- June 8, 2012 at 12:15 am #84211
I wonder a bit about the stomach acid business, hopefully someone can
help me understand that better.
Ok, woke up in the morning with a mild stomach pain feeling and thought it is time to check about my stomach acid. On a empty stomach I drank a teaspoon of bicarbonate and 100 ml water. No reaction, no burping, nothing. But the stomach pain went down a great deal. The following day the same. I feel overall very good but have this light pressure of stomach pain persisting. So, again I tested in the morning with bicarbonate and 100 ml water. Nothing, no air coming, no burping but the stomach pain was reduced a great deal again.
What does that point at? I thought that if a person has normal acid it should react to the bicarbonate and ex-spell air which should result in burping. I am not burping does that mean that I have too low acid?
But why then is the bicarbonate reducing the unease feeling and pain?
ThomasJune 8, 2012 at 2:02 am #84216
JavizyMemberTopics: 20Replies: 945
Are you sure that’s how the test works? I thought if you burped soon, you had excess acid, and if it took more than a few minutes you have too little. Have you been tested for H. pylori? Maybe you’ll find this article about GERD useful.June 8, 2012 at 3:02 am #84221
Javizy wrote: Are you sure that’s how the test works? I thought if you burped soon, you had excess acid, and if it took more than a few minutes you have too little. Have you been tested for H. pylori? Maybe you’ll find this article about GERD useful.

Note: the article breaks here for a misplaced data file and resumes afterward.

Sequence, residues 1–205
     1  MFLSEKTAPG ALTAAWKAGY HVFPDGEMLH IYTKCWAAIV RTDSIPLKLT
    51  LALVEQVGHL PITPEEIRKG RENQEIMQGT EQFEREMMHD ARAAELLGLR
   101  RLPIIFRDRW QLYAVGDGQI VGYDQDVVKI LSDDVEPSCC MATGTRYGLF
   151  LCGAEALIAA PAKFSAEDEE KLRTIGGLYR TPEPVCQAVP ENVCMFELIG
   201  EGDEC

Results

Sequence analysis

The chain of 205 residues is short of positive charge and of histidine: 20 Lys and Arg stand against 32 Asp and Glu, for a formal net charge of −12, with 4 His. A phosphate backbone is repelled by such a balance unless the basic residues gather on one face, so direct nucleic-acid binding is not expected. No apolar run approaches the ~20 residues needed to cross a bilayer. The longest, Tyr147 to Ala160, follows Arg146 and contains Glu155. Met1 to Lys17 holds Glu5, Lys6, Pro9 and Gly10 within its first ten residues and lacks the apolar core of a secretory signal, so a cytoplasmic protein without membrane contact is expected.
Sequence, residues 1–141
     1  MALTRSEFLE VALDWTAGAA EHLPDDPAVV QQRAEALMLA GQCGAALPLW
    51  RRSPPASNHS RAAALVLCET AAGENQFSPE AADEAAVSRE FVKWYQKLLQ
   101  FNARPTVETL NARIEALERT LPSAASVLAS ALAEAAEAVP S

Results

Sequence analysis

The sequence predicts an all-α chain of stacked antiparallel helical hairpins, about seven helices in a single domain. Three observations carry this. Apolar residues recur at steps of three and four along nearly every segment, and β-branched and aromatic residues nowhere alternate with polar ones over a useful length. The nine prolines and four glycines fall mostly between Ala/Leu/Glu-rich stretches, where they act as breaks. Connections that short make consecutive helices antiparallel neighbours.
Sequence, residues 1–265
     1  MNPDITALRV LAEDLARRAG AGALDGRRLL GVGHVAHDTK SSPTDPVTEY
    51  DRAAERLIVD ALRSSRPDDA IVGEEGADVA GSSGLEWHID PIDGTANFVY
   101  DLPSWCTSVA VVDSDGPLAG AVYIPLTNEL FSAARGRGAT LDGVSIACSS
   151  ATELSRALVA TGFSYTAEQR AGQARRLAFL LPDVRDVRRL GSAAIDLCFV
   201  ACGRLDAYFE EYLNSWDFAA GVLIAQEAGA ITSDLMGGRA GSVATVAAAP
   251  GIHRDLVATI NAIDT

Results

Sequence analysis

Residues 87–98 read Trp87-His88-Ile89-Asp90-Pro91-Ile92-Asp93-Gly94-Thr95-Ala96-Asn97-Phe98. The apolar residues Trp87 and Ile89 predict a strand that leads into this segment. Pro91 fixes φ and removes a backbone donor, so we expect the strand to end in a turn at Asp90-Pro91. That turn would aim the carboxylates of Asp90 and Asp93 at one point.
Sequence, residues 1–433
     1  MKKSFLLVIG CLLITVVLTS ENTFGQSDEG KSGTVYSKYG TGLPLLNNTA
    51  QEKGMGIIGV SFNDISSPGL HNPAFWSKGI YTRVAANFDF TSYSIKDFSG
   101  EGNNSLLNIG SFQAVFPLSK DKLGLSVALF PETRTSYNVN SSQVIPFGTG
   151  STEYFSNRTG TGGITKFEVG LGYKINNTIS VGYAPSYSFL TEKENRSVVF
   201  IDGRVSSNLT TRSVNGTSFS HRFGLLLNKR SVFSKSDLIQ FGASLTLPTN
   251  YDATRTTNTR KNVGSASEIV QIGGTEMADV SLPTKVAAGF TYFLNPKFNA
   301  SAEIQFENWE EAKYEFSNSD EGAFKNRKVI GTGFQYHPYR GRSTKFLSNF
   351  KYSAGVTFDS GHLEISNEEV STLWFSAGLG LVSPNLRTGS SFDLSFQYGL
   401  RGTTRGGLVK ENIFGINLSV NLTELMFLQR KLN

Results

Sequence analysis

No, I am not so sure. I only thought it would work like that. What you wrote make sense too but I didnt burp att all. Maybe I have to take a full teaspoon? Has nobody tested himself here on the forum. Would be good to share some experience.
Thanks for the link I am going to check it out. No, I have not been tested for it. I think my doctor said that most people have it and its counted today as a part of the normal flora and even if there is evidence for harmfulness it too is an important factor for immune defence and digestion. I see if I can press him for a check up.
ThomasJune 8, 2012 at 3:07 am #84222
The article rock mate! Thanks ! Its full of great info!
ThomasJune 8, 2012 at 5:19 am #84231
JavizyMemberTopics: 20Replies: 945
Thomas wrote: I think my doctor said that most people have it and its counted today as a part of the normal flora and even if there is evidence for harmfulness it too is an important factor for immune defence and digestion. I see if I can press him for a check up.
He’s right. It’s evolved with us for a very long time and may have a protective role against esophageal cancer. When it’s allowed to overgrow, it can cause gastritis, ulcers and the problems mentioned in the article. This is why doctors often try to treat it with antibiotics. I don’t think this solves the root of the problem and has side-effects, but knowing if you have an overgrowth is useful.
From what I’ve read, it relies on hydrogen as an energy source, and a pathogenic species of bacteria called Klebsiella produces large amounts of hydrogen by feeding on starch. This is one potential way it can be allowed to overgrow. It’s probably why reducing carbs helps GERD too.
Anyway, it’s really important you get your stomach functioning correctly if you want to beat SIBO. Poor stomach function can be a direct cause of the condition. Since you’re sure bacterial overgrowth is your problem, you should find the advice in this article really helpful http://perfecthealthdiet.com/2010/07/eleven-steps-for-overcoming-alzheimer%E2%80%99s-and-other-chronic-infectious-diseases/ Intermittent fasting (eating only during an 8-hour window) is pretty amazing. Look at this picture comparing two mouse livers. Exactly the same unhealthy diet and calories. The only difference was the eating windows.
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